n 2009, singer/rapper Chris Brown tried to push his then-girlfriend, pop star Rihanna, out of his car. It was reported that he slammed her head against the passenger window while repeatedly striking her. It wasn’t until Rihanna called for help from her assistant, who informed law enforcement, that Brown was arrested and charged with two felonies. Brown pleaded guilty to felony assault by means likely to cause significant bodily injury, and was sentenced to five years’ probation and 180 days of community labor. He was also ordered via a restraining order to stay away from Rihanna.
Sometimes, celebrities enjoy an advantage when it comes to domestic violence. Law enforcement tends to react faster, and once the celebrity comes forward, there’s a groundswell of support from the community and in the entertainment world.
But how about the average person (usually women)? What happens when they don’t have the support of a larger community? Or worse yet, that of family and friends?
Abusers don’t come and claim they are abusers. In contrast, abusers will strike as the most charming and caring persons at first. They plan and execute it to trap their target. They will overwhelm you with their love and affection. An abuser actively engages his/her girlfriend/boyfriend actively, but soon that turns into isolation. He will focus on you, and won’t let you contact someone else. Your family, friends, and support system will soon be out of touch.
Studies indicate abusers want a deeper relationship quickly. They try to get as close as possible to know everything about you. They will ask if someone has ever abused you or tried drugs and other such queries. Abusers want to collect information about you to later use them against you.
How can I identify if my partner is an abuser?
• There is no specific criterion to identify an abuser. But a particular pattern of behavior and signs can help you identify one
• If your partner tries to prevent you from meeting your support system, i.e., friends and family, you should be on alert
• Notice if your partner’s behavior is impulsive and threatens you
• If he threatens to harm you, your children, or your pets
• Threatening to kill is a major red flag. If he threatens you while having access to a gun, you should instantly contact social support or any domestic shelter.
• An abusive partner will follow you everywhere and act possessively. He tries to control your life and dictate your actions.
• Abusers often curse and use degrading language. It leads to low self-esteem, and you start thinking you don’t deserve better treatment.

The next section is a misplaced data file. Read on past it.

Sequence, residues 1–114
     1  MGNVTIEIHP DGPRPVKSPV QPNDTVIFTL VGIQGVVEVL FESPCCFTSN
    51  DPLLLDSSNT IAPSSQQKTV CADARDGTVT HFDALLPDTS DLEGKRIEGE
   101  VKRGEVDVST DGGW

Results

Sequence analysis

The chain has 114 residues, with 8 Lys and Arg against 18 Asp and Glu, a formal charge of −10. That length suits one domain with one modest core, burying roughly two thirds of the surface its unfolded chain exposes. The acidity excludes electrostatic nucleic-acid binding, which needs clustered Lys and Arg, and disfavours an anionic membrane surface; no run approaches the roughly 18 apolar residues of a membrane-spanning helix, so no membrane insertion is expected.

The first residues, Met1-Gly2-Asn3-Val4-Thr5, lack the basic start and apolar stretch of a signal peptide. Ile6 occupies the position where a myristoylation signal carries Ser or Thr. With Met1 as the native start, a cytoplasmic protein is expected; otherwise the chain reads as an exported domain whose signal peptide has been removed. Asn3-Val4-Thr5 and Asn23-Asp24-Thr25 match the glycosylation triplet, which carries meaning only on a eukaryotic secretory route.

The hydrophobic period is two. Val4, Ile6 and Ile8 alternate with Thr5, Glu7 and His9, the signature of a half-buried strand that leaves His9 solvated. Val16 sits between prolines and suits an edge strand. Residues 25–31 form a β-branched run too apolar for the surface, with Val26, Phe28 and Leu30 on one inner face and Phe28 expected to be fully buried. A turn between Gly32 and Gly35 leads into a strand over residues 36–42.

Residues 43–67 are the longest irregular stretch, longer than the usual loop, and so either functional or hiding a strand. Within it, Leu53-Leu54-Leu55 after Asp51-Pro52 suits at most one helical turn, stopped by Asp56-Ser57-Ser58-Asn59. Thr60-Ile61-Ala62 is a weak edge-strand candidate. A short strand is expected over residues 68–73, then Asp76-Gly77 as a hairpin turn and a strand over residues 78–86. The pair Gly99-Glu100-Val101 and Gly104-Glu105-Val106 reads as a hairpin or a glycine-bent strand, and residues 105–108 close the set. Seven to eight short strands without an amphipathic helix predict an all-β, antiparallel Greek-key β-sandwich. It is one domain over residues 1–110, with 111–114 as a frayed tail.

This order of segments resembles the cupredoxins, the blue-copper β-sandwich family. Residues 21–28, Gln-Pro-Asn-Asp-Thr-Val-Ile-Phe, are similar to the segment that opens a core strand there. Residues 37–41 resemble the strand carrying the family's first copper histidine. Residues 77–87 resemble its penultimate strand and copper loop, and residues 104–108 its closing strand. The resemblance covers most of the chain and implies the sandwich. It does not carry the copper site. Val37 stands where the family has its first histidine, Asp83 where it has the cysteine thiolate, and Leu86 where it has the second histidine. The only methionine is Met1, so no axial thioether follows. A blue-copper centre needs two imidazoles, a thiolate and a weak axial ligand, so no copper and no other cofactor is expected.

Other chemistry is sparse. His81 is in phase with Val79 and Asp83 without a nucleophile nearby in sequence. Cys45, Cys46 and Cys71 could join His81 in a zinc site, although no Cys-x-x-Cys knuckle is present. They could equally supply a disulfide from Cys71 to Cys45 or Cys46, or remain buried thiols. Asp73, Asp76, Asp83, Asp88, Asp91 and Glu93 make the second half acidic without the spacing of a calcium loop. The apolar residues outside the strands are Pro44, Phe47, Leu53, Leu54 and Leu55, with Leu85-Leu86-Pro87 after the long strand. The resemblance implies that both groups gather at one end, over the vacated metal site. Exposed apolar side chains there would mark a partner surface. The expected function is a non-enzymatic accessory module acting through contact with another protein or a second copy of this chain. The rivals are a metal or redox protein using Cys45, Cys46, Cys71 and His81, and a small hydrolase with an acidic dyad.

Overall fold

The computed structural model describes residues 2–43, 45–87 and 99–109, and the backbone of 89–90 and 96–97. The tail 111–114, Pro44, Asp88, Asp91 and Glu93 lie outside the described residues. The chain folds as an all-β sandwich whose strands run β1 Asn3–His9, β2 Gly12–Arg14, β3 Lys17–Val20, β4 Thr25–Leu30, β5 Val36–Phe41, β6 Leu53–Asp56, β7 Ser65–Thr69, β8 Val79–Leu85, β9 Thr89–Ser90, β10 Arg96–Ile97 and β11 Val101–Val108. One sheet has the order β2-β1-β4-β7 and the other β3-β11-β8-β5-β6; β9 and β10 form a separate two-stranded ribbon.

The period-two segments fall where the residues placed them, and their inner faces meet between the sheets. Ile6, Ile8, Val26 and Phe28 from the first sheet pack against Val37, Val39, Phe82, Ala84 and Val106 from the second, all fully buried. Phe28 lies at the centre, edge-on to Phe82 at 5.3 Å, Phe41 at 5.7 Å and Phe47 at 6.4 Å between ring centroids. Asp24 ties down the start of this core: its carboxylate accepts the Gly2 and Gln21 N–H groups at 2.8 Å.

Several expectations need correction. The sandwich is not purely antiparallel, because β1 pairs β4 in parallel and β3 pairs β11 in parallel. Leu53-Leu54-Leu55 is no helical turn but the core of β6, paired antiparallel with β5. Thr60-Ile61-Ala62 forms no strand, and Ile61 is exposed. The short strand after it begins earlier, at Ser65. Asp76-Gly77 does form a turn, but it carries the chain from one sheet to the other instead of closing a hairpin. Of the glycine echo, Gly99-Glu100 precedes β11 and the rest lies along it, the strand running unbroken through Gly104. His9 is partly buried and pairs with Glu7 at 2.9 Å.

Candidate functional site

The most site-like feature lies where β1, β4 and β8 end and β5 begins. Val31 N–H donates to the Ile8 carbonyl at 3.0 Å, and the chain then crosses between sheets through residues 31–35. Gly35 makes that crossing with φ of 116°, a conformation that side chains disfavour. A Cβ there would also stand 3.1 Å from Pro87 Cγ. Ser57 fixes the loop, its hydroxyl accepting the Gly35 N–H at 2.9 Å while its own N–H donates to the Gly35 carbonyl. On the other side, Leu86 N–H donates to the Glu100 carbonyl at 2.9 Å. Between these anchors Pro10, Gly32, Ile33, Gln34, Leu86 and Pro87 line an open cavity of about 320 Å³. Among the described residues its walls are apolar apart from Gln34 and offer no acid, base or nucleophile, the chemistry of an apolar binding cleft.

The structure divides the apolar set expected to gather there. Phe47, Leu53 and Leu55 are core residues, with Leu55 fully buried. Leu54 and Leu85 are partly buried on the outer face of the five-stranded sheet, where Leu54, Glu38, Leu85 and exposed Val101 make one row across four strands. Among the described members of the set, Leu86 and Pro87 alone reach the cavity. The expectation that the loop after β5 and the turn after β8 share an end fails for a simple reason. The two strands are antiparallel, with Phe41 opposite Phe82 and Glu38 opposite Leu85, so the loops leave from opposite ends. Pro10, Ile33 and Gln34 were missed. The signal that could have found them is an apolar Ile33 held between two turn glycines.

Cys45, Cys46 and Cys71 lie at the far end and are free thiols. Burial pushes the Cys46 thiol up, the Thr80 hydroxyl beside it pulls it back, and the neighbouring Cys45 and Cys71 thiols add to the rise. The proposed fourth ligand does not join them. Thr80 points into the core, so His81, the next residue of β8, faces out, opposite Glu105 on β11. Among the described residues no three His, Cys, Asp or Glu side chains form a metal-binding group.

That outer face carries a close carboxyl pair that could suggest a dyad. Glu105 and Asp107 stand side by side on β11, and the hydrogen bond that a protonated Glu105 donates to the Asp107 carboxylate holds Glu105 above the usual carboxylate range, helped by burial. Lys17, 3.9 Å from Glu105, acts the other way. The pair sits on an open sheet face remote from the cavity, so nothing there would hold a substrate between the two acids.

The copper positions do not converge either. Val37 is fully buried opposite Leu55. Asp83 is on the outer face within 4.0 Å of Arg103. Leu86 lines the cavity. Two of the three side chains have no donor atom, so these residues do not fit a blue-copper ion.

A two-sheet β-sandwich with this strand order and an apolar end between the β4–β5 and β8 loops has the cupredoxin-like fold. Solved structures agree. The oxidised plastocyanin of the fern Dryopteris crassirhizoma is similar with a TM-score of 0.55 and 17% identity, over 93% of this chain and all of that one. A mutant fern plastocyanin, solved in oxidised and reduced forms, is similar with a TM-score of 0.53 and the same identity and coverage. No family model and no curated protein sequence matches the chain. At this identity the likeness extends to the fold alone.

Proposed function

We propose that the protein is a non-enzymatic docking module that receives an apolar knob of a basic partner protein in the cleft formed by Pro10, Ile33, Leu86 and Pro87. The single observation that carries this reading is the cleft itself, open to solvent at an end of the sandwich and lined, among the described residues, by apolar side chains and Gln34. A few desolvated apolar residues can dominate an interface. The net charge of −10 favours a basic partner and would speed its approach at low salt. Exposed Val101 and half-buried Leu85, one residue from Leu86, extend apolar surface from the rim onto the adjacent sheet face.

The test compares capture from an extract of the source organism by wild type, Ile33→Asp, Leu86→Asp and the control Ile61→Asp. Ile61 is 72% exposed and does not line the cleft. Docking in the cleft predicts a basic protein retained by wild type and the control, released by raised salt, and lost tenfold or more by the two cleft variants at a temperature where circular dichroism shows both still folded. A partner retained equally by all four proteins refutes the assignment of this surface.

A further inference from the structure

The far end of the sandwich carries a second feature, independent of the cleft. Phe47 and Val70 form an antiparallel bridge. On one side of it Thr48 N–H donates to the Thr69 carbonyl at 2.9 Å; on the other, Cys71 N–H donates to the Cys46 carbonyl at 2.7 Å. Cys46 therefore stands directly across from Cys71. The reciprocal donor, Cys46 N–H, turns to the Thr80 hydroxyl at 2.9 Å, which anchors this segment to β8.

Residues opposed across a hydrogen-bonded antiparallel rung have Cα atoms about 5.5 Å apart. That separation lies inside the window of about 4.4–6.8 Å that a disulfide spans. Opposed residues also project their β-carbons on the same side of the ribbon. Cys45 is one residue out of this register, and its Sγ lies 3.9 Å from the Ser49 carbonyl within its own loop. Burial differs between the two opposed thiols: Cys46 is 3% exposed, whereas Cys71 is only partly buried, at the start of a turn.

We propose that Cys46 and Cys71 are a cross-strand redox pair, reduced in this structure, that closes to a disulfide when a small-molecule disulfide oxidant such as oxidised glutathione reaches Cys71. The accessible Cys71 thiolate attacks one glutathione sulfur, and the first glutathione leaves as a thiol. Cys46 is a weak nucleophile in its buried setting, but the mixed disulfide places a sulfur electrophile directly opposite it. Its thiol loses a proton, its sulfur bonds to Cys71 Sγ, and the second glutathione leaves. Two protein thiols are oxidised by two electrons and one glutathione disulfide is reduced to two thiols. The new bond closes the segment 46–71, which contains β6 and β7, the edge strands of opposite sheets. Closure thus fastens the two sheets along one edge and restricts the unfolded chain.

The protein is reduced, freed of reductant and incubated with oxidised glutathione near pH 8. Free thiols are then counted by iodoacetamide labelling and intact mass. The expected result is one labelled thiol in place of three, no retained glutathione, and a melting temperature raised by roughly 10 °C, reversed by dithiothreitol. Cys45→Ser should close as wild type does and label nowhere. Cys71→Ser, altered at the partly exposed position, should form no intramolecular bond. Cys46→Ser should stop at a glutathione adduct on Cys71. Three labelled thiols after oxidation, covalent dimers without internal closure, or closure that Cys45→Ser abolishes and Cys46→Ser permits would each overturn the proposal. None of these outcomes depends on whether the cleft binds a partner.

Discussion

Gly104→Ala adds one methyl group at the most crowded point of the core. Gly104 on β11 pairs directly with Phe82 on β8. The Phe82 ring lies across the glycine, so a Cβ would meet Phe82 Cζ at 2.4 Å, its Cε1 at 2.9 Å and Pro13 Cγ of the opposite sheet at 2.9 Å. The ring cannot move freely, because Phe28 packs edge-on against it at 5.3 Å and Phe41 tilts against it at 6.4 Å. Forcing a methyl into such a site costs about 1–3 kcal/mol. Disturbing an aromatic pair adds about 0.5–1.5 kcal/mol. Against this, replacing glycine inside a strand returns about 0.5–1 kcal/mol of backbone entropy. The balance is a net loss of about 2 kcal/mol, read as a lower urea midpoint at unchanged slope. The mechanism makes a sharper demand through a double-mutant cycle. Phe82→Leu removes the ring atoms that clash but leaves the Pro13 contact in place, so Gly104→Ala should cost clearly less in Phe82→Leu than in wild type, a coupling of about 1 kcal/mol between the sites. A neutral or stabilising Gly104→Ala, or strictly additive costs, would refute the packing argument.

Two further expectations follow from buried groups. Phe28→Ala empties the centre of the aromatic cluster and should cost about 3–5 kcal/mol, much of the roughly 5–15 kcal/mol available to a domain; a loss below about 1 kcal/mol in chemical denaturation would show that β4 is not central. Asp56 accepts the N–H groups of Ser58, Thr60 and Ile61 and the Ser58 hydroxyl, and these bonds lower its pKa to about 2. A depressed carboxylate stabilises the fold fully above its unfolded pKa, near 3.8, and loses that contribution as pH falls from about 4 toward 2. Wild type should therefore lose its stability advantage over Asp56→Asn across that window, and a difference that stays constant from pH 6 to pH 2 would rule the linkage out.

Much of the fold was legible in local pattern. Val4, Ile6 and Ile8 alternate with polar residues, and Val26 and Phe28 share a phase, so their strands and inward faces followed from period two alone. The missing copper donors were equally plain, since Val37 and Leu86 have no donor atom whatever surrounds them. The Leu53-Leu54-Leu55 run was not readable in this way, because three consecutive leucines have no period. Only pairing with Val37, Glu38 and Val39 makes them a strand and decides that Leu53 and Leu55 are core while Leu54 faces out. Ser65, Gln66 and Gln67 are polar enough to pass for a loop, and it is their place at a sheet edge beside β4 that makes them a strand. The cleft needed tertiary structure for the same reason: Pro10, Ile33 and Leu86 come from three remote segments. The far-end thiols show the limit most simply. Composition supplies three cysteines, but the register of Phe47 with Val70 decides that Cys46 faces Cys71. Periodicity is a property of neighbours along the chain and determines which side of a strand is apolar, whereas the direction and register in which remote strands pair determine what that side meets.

• Through his actions, he controls you not only physically, but also mentally
• You start to question your own personality, intellectual, and worth
Signs That Suggest Your Partner is Lethal For You
The victim of abuse usually knows what’s coming next. Violence consultants state that if a woman says she’s in trouble and her partner might kill her, she needs help, because that’s a life-threatening situation. The perception of survivors is always essential.
When a victim decides to leave an abusive relationship, the abuser develops a sense of loss. He thinks he has lost his control and feels helpless. The urge to disrupt his former partner’s peace and take revenge keeps growing. And finally, he satisfies his ego and urges by killing his ex-partner.
Other signs that a person is an abuser and lethal include:
• S(h)e owns a gun (unless it’s legal and there’s a good reason for it)
• S(h)e threatens
• You are stalked
• You get threats that your loved ones will be harmed, i.e., children, pets, etc.
• History of abuse
• Substance use
• Badmouthing his/her partner
• Degrading his/her self-esteem
Statistics suggest 75% of domestic violence cases happen when the victim decides to leave an abusive and unhealthy relationship because the abuser wants to inflict the same pain on his partner for leaving him and breaking free from his command and control.
How To Escape From An Abusive Partner and Relationship?
Stay strong and be logical during the escape. It’s challenging, but not impossible. Many courageous women have successfully done it. It’s a bold and empowering decision, given that you properly plan how to get out of the house and arrive at a safe place.
Your local domestic violence program can help you in this regard. Like many countries, the US has particular shelter homes for Intimate Person Abuse survivors. They protect and take care of all such women who escape or survive deadly attacks from their present or former partners.